Ottawa Construction News staff writer
Owens Corning Ontario technical manager Tyler Simpson has made the case for the advantages of extruded instead of expanded rigid polystyrene foam plastic insulation, proving that seemingly subtle differences in building products can have significant impact on the intended results.
Simpson provided members of Construction Specification Canada (CSC)’s Ottawa chapter
data indicating that extruded (XPS) insulation “performs better than expanded (EPS) – and the source of the difference is in the manufacturing process.”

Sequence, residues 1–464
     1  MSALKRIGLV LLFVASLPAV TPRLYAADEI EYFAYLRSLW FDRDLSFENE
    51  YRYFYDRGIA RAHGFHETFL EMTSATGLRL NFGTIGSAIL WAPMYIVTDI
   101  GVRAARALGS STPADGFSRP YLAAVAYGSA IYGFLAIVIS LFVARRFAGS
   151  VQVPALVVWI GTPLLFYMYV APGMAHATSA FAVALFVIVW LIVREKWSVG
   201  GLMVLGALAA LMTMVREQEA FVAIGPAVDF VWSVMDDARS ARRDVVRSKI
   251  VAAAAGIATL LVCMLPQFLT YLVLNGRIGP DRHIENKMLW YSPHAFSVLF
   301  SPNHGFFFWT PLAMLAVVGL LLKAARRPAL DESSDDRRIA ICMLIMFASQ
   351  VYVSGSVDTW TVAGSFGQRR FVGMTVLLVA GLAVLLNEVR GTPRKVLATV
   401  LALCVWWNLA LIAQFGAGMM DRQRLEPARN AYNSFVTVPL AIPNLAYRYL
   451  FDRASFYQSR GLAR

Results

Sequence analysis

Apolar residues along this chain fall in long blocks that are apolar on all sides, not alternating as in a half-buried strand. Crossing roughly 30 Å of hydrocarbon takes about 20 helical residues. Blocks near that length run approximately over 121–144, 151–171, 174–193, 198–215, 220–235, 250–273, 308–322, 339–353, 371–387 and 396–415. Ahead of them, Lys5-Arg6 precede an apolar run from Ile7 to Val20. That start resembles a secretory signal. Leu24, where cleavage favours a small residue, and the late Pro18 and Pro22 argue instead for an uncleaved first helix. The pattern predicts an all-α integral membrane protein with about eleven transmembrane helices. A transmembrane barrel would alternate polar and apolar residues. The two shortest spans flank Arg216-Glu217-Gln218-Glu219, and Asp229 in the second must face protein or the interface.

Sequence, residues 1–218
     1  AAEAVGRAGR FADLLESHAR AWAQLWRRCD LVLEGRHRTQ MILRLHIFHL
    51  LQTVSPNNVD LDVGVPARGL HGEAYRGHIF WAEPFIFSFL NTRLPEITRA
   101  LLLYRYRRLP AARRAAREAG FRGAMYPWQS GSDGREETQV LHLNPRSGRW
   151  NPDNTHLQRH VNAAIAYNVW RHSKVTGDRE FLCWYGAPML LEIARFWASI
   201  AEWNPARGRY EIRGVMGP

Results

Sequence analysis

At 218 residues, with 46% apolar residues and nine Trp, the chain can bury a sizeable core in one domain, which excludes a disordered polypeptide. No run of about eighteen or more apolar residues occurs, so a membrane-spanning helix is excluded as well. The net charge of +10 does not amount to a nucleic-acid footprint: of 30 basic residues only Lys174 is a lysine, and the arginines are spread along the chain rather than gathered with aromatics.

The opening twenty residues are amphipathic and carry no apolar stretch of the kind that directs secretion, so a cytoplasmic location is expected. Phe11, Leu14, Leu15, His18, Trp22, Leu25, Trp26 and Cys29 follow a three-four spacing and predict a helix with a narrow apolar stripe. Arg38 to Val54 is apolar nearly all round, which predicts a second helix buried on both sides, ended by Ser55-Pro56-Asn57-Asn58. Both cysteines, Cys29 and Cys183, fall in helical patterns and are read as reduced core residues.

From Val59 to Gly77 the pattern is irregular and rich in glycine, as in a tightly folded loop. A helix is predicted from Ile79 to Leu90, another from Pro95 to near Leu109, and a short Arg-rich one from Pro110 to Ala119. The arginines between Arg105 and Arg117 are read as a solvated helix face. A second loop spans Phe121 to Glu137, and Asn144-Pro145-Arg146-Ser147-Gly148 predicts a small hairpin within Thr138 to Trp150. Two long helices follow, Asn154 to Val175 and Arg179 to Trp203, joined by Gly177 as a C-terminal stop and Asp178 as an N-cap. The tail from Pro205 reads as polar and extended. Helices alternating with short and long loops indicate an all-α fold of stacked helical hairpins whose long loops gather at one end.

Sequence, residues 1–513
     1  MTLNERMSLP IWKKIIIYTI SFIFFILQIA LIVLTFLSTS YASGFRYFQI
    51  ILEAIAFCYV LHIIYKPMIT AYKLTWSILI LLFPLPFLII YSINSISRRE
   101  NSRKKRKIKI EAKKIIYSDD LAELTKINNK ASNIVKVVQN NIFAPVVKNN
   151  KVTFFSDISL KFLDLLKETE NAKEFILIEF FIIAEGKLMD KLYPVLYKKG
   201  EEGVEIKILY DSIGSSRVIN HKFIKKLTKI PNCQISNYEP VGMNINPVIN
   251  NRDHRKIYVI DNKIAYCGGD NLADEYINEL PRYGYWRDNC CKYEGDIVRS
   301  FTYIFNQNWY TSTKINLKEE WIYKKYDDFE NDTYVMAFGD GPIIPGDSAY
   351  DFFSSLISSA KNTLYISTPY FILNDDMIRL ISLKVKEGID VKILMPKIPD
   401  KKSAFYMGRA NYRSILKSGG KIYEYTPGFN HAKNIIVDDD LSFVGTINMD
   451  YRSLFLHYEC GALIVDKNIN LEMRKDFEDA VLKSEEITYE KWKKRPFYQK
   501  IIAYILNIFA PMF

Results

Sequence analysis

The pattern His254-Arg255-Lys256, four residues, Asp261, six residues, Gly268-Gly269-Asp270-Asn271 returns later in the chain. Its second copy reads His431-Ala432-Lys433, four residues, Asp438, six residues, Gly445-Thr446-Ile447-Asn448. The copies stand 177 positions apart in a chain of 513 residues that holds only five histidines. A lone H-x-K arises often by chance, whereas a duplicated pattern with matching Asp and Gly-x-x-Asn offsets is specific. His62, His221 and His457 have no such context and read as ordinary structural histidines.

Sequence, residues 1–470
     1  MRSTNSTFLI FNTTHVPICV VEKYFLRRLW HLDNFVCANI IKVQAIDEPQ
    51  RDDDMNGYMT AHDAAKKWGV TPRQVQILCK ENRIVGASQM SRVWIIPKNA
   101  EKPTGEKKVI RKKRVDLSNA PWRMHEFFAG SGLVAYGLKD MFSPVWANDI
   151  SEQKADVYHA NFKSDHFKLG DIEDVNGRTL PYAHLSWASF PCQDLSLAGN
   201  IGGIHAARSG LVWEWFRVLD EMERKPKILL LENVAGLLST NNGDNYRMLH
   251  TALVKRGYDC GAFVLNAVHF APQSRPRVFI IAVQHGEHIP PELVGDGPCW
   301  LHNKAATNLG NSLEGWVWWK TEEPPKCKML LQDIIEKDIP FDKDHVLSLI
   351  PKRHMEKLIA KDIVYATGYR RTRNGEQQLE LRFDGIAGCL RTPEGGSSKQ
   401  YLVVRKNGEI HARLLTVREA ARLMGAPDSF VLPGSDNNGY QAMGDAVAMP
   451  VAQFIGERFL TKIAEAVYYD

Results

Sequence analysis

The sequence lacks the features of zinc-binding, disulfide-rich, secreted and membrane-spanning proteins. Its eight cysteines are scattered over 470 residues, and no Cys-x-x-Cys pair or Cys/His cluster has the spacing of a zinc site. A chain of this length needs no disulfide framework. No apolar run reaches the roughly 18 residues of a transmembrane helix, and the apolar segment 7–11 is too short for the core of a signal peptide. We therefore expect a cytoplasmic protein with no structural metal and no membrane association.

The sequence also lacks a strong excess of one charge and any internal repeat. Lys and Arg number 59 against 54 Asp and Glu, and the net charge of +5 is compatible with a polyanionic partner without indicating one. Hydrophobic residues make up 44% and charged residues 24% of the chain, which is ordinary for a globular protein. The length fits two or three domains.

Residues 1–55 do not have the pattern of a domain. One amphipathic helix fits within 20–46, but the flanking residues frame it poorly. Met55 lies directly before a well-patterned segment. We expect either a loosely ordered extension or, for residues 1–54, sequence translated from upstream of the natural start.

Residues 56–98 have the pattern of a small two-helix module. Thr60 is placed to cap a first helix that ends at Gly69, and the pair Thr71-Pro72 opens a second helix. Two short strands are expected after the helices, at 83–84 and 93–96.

“XPS is manufactured in a continuous extrusion process that results in a homogeneous closed cell cross section,” Simpson told about 25 architects and engineers in the Ottawa Construction Association (OCA) boardroom on Jan. 21. “EPS is manufactured by expanding spherical beads in a mould, using heat and pressure to fuse the beads together where they touch, leaving open spaces between the beads where they don’t touch,” he said.
The difference – water can seep through the open spaces – dramatically reducing the insulation’s R-value when it comes into contact with water, with additional structural problems as the freeze-thaw cycle takes hold.
Simpson said: “There are a variety of tools and resources that have documented the effects water absorption has on the R-value of foam plastic insulation and which insulation best resists these adverse effects. As water is always present around structures it is critical products are selected that resist intrusion of water.”